I just witnessed a race on a grand scale, in its purest form. We spent the day as specia l guests of the Discovery Channel. I had never participated or watch a bicycle race in such comfort! We spent the day at the Discovery Pavilion right next to the start/finish line. We were pampered with catered food and beverages. We watched the riders as they passed by us and on the team’s close curcuit television screen. This was a 108 mile race through the streets of San Francisco. There were thousands of people lining the streets to watch riders from all over the world race.
One of the high points of the day was riding in the Team Discovery SAG car. We raced through the streets following the riders. We sometimes reached speeds of 80 mph as we tried to catch up to the Team Discovery riders after getting caught behind groups of riders. Thousands of spectators cheered us along with the riders. I soon realized that there were two races actually going on… the one between the cyclists and the one between the support vehicles. The support vehicles wanted to be in a position to help their riders, so they jockied for the best position. It was an incredible vantage to watch the race. For a lap we were part of the race. Our driver/captain, Lorenzo , drove and directed the tactics of the team at near NASCAR speeds. I soon realized that a bicycle race is more than every rider riding for themselves. It was about working together as a team to help get the most team mates up front. It was way more complicated than "each man for himself." It took brains, strategy, patience and skill.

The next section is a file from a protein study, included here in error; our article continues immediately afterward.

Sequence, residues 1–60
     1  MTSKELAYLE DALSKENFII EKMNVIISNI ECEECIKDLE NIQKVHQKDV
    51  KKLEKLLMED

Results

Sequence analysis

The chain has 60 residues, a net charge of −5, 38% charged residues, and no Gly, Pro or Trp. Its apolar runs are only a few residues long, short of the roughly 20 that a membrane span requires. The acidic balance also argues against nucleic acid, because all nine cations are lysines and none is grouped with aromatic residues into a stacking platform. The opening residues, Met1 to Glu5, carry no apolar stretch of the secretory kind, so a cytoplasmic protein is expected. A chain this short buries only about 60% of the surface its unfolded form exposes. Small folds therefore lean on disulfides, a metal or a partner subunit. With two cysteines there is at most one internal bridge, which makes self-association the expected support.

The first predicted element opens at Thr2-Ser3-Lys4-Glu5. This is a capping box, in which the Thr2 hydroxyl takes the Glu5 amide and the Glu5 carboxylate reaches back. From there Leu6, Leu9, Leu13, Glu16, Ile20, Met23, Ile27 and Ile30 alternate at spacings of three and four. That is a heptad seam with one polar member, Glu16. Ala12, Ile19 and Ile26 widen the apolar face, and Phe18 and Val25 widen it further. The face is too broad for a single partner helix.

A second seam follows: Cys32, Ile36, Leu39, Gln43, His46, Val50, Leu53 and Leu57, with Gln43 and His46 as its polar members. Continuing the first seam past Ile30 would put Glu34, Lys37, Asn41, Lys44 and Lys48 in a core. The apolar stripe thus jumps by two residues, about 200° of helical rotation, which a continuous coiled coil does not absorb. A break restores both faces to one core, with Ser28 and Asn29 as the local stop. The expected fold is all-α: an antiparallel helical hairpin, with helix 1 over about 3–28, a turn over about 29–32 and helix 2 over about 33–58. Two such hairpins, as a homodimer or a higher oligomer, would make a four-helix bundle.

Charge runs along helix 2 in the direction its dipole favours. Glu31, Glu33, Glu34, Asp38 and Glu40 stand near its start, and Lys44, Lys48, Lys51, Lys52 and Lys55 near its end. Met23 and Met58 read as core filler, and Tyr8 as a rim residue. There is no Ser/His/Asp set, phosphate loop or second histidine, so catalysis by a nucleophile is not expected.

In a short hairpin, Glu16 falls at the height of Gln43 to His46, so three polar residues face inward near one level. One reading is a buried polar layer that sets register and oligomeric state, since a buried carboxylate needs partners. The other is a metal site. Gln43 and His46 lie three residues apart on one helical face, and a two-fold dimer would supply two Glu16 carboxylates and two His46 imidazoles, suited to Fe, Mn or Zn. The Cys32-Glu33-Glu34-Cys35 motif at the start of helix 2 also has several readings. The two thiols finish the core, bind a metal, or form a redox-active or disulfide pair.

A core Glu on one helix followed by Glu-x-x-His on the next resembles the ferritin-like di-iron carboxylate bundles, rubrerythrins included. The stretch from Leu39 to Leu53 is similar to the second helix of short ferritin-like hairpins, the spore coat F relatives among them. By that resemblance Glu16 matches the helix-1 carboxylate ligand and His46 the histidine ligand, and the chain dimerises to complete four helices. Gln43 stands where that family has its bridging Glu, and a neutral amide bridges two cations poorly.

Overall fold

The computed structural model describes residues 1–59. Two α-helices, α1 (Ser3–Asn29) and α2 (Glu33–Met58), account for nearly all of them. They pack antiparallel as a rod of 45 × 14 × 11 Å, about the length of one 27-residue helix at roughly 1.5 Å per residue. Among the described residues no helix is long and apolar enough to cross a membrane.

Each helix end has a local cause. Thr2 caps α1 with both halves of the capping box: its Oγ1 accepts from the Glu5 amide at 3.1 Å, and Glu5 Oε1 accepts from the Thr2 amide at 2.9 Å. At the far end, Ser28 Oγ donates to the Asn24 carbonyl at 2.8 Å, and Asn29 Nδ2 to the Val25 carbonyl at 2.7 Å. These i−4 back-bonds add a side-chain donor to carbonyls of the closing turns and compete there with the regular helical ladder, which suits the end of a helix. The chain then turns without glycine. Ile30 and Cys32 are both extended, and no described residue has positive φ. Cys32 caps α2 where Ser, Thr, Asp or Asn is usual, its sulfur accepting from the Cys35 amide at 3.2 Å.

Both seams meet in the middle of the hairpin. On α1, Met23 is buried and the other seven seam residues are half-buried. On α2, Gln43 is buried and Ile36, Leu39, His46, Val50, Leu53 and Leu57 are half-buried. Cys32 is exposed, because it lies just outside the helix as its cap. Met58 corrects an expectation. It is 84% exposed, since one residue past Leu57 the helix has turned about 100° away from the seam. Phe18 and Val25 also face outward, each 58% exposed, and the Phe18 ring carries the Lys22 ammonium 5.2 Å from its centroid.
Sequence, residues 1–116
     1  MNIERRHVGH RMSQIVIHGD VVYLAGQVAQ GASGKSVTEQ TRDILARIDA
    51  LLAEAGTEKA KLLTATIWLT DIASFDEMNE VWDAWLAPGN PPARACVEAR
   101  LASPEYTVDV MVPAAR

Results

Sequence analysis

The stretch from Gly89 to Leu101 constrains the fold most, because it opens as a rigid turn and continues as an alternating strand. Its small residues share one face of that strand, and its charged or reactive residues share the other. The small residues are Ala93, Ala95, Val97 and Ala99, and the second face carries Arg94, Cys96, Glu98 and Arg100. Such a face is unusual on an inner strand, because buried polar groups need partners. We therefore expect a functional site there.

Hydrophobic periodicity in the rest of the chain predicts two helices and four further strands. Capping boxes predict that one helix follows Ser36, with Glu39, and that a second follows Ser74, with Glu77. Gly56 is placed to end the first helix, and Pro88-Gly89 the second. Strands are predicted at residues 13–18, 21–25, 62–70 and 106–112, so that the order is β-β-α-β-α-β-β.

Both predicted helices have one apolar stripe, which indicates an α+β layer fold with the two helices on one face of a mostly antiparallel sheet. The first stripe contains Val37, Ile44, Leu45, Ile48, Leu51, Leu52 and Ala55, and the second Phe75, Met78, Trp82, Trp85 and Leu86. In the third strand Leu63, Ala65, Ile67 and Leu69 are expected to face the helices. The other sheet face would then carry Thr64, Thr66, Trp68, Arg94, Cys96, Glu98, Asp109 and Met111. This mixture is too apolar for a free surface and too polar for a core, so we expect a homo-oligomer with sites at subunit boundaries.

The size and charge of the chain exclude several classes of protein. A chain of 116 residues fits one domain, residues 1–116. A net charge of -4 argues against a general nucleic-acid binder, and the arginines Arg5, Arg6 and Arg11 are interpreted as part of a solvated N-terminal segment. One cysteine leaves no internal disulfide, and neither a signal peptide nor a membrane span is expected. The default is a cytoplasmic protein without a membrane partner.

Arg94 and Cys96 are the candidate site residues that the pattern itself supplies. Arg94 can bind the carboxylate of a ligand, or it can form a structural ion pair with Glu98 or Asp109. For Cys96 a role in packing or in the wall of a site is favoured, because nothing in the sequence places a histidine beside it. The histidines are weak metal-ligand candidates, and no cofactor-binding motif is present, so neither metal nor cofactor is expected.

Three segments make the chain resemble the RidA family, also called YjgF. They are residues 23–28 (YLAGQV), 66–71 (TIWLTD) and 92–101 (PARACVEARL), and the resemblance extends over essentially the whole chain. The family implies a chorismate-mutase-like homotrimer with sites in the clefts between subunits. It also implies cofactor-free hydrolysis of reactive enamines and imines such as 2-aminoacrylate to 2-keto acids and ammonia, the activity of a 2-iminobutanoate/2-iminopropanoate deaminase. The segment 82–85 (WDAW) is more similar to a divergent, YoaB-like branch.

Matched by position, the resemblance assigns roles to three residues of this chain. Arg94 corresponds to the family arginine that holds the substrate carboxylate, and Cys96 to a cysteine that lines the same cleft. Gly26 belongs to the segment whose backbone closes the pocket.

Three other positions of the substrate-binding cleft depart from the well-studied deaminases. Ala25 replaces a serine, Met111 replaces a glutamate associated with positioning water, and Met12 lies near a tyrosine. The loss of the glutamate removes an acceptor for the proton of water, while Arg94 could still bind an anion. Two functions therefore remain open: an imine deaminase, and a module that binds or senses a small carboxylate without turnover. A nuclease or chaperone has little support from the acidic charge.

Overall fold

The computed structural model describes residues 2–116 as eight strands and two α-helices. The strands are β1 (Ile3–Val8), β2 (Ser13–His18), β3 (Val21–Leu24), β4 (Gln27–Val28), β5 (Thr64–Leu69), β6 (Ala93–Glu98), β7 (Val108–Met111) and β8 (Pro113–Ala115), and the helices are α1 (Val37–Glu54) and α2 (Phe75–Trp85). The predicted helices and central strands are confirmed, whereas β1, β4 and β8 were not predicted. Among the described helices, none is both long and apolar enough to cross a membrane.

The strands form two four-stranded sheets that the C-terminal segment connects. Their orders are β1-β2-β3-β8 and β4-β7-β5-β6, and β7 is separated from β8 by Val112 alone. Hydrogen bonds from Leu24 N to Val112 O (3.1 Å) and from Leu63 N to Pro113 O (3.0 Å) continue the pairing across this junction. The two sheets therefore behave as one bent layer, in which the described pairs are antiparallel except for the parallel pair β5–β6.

I was struck by the fact that our mission as educators is much the same as this race. We struggle to do what is best for our students and much of what we do is behind the scenes, out of the fan fare. I, as a principal, strive to support the teachers at my school so they can be the best, and do the best for our students. I am doing a good job when my teachers succeed and are recognized for their excellence.
At the end of the race the riders from Team Discovery joined us at the pavilion. I was struck by how down to earth and kind they were to us and the fans. This is truely a sport of honor…especially, when you think that for a cycling fan like me, meeting these riders is like a baseball fan meeting the starting line up of their favorite major league team. All the riders signed autographs and walked through crowds of spectators, accessible. They had a quiet dignity and poise about them that lack all pretentions. They are world class role models. This is sports in its purest form. I would like to thank Team Discovery and Discovery Channel for giving me a great gift. In a world of deminishing sports role models, cycling is an exception.